I like the report because it starts right out with measures of success. It also explains this is rooted in some 100 plans and reports already done and instead points action steps. The meeting last Monday was organized into working group to begin work on moving ahead. Public comment is also requested.
If this works, begins the report, we should expect the following benefits:
- wage and payroll growth
- increased business revenue
- improved health and wellness statistics
- alternative energy consumption increase
- educational attainment increase
- real estate values for year round property increase
- level of private capital investment in leverage increase
- availability of cultural and recreational assets grows
- increasing school enrollment
Wow. Now I’m interested! How to we get to this place?
It lays out these 7 business opportunities. They can be done park-wide or at least in more than one location.
- Sustainable forest and natural products
- Sustainable construction and building products
- Recreational equipment manufacturing and retail
- Ecosystem services and nature conservation
- Value added agriculture and food processing
- Non profit employment
Next it lays out four goals, each with metrics, strategies and actions. Here they are:
Goal One: Inspire a culture of entrepreneurship with a globally competitive workforce and diverse business base
Six specific strategies and their actions are described. They include a small and micro business program, a lend local idea, teaching programs, higher ed collaborations, and a leadership program.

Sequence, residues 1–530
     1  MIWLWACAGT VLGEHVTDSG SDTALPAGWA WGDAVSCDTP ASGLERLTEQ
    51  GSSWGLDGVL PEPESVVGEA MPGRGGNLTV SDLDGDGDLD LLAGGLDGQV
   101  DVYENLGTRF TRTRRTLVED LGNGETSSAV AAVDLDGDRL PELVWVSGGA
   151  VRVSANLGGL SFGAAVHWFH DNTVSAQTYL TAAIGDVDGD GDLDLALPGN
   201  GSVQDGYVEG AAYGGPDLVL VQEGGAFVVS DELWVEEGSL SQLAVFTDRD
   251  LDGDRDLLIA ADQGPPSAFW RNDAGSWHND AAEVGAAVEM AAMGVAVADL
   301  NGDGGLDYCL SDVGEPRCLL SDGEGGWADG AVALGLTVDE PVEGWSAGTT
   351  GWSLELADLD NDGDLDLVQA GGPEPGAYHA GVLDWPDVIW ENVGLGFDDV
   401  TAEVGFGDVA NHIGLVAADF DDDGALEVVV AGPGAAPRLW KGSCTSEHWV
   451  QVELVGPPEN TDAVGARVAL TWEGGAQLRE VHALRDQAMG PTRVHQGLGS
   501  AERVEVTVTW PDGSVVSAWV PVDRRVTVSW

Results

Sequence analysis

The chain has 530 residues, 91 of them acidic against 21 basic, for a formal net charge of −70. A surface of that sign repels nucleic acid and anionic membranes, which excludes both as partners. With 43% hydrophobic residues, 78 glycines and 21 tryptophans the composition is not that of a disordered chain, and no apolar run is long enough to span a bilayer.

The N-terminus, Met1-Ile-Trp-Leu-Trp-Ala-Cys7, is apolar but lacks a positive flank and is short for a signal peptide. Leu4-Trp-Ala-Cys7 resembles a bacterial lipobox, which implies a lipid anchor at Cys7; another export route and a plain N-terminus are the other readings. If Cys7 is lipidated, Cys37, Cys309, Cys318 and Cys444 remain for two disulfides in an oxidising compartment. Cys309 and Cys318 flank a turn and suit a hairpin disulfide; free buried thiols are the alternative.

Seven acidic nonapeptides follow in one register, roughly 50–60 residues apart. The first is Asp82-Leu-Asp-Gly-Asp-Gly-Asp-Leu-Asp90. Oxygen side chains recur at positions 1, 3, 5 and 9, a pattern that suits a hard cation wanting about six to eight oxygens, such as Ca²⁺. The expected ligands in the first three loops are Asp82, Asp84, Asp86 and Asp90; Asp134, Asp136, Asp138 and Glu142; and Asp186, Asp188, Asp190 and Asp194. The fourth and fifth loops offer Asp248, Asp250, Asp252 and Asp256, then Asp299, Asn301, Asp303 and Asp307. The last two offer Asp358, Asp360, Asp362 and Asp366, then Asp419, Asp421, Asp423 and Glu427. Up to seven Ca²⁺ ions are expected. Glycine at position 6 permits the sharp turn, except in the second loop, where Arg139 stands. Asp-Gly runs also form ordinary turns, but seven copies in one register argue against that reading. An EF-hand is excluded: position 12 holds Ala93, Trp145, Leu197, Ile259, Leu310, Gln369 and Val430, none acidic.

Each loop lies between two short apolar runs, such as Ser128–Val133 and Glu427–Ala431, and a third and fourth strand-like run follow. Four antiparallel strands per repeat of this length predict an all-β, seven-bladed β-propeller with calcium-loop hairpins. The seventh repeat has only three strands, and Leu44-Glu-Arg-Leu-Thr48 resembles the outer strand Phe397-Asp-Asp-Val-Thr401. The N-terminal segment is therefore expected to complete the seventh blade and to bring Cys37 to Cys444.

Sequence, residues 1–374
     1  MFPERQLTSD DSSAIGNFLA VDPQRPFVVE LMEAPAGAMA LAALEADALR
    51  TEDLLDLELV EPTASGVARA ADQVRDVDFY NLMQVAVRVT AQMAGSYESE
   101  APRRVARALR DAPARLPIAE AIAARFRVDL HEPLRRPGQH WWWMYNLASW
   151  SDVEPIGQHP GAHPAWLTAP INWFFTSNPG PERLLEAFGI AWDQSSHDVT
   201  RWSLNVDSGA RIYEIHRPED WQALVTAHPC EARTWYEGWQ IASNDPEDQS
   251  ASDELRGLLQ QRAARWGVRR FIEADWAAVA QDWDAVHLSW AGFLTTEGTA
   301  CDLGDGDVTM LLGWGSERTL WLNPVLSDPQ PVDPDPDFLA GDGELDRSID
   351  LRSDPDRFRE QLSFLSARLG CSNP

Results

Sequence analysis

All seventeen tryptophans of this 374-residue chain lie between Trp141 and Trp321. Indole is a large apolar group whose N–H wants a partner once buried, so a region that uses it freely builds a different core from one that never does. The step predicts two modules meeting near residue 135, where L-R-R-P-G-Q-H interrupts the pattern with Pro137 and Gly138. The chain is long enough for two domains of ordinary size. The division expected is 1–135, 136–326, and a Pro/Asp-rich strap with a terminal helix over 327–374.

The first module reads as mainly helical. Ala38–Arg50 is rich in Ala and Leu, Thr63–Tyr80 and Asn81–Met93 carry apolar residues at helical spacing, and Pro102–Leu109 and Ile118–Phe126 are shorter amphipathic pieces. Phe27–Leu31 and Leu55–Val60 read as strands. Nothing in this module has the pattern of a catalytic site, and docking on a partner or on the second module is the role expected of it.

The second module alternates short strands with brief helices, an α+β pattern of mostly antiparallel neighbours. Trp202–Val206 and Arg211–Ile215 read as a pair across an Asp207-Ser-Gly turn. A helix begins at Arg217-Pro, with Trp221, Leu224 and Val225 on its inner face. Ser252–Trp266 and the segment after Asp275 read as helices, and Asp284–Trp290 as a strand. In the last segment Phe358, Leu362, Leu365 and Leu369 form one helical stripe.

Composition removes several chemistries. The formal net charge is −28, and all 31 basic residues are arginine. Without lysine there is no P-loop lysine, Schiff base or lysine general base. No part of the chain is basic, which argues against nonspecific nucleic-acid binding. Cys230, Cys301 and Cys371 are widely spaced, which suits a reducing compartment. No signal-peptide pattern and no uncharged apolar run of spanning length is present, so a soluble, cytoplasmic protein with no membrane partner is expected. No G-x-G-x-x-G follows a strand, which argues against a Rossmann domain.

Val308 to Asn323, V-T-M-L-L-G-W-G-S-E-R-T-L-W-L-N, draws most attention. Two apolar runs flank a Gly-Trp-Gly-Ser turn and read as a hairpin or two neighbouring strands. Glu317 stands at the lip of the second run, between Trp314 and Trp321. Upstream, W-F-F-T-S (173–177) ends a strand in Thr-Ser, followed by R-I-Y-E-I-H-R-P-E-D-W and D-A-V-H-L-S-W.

Goal Two: Promote a sustainable and connected rural life with quality infrastructure and community amenities.
Ten strategies are described, each with a couple of actions, They begin with be happier, and cover broadband, hamlet restoration, affordable housing, health care, road/pedestrian/bike infrastructure, improve access to water, assistance for towns with larger projects, improving financing for grant funded projects, non profits, first responders and reuse of vacant sites.
Goal Three: Reinvent traditional industry across the working landscapes in forest products, naturals resources and agriculture
Fives strategies and their actions are described. They cover natural resources protection including invasives, promoting local building materials, alternative energy, wood products, and local farming, local food.
Goal Four: Advance the park as a world class destination
It describes 10 strategies and several actions for each one. They cover the trail towns initiative, lodging renovations, tourism ambassadors, more types of lodging moving people across the park, integrated web presence, world class sports, wellness/health tourism, branding, upgrades of non-lodging tourism facilities.
This is the link to the whole report.
This is the link to the web site, Advantage Adirondacks, which has a lot more material and supporting documents.
The project was organized and run by the Adirondack Partnership and AATV. Funding came from the NYS Dept of State, DEC and the ADK Futures Project of the Common Ground Alliance was used as the local match to get the State funding.